A “failure to consummate the marriage” is not grounds for an annulment in SC, although 1) a failure to live together or 2) intentional concealment of an inability to have intercourse might be grounds for annulment.
SC Code Section 20-1-10 prohibits marriage between two persons who are closely related:
(B) No man shall marry his mother, grandmother, daughter, granddaughter, stepmother, sister, grandfather’s wife, son’s wife, grandson’s wife, wife’s mother, wife’s grandmother, wife’s daughter, wife’s granddaughter, brother’s daughter, sister’s daughter, father’s sister, mother’s sister, or another man.
(C) No woman shall marry her father, grandfather, son, grandson, stepfather, brother, grandmother’s husband, daughter’s husband, granddaughter’s husband, husband’s father, husband’s grandfather, husband’s son, husband’s grandson, brother’s son, sister’s son, father’s brother, mother’s brother, or another woman.
If a couple with a relationship listed above marries, that marriage is invalid and either party can ask the Court for an annulment at any time.
A person who is deemed “mentally incompetent” is also prohibited from marriage by SC Code Section 20-1-10:
(A) All persons, except mentally incompetent persons and persons whose marriage is prohibited by this section, may lawfully contract matrimony.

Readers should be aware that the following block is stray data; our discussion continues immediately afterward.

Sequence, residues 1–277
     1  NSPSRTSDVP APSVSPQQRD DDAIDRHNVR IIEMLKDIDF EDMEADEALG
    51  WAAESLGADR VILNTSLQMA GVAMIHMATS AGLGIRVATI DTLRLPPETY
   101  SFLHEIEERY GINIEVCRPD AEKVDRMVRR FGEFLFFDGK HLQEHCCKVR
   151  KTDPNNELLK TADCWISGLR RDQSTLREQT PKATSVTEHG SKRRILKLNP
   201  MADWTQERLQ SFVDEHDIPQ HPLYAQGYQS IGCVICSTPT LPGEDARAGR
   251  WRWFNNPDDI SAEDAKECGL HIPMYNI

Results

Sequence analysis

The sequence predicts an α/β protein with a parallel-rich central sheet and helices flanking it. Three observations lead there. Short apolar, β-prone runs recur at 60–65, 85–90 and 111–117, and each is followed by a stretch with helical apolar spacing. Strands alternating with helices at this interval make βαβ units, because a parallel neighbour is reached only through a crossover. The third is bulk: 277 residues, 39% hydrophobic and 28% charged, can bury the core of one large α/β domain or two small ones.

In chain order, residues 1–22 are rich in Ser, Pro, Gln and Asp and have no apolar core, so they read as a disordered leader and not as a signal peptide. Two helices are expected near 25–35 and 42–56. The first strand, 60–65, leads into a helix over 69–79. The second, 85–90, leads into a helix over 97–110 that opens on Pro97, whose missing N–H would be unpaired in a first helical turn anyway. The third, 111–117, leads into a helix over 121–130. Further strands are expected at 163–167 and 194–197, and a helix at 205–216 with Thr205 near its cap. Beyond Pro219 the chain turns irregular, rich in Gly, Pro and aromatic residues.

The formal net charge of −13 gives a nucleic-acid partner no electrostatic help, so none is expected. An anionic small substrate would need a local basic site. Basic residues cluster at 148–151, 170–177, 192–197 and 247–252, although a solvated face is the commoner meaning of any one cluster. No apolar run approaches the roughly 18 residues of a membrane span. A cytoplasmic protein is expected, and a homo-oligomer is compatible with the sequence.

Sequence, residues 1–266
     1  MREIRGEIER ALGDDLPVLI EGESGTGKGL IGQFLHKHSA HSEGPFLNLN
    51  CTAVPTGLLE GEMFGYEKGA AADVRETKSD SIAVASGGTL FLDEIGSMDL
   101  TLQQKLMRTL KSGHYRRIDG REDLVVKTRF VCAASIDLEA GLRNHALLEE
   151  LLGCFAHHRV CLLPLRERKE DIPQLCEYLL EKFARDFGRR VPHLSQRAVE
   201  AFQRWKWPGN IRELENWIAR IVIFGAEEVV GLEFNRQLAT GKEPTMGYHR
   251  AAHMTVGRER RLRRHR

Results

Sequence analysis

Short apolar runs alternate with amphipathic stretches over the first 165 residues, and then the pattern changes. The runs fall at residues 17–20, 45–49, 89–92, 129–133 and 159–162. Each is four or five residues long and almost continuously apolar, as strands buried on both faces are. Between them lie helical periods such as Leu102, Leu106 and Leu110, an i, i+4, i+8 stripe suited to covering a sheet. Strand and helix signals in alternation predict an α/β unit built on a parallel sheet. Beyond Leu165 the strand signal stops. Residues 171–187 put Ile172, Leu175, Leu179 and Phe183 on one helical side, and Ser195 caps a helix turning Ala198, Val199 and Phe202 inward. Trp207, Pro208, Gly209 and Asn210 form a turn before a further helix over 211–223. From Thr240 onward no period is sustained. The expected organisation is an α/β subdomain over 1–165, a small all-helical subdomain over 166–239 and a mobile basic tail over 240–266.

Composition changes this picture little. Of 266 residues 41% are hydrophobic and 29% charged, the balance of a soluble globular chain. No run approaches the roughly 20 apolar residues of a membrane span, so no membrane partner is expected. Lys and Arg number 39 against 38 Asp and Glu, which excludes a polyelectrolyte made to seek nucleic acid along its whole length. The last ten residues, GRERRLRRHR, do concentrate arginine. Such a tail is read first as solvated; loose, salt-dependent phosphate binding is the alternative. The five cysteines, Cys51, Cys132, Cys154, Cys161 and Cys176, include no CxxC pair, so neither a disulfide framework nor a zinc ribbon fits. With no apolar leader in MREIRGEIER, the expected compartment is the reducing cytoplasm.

Note that a person cannot be prevented from marrying simply because they are a mental health patient in a facility unless they have been adjudicated incompetent by a court:
Unless a patient has been adjudicated incompetent, no patient may be denied the right to:
…(6) marry or divorce;…
SC law still prohibits same-sex marriages, but it is an unconstitutional and unenforceable prohibition.
The US Supreme Court’s 2015 decision in Obergefell v. Hodges made it clear that it is a violation of Fourteenth Amendment Due Process for a state to deny a marriage license to a same-sex couple; therefore, it is no longer a ground for annulment in SC or any state in the country.
A bigamous marriage is void by law, as if it never happened, and can be annulled by the Court under SC Code Section 20-1-80:
All marriages contracted while either of the parties has a former wife or husband living shall be void. But this section shall not extend to a person whose husband or wife shall be absent for the space of five years, the one not knowing the other to be living during that time, not to any person who shall be divorced or whose first marriage shall be declared void by the sentence of a competent court.
Only three exceptions are provided under SC law:
Duress may be grounds for an annulment in SC, but it is rare and would be difficult to prove.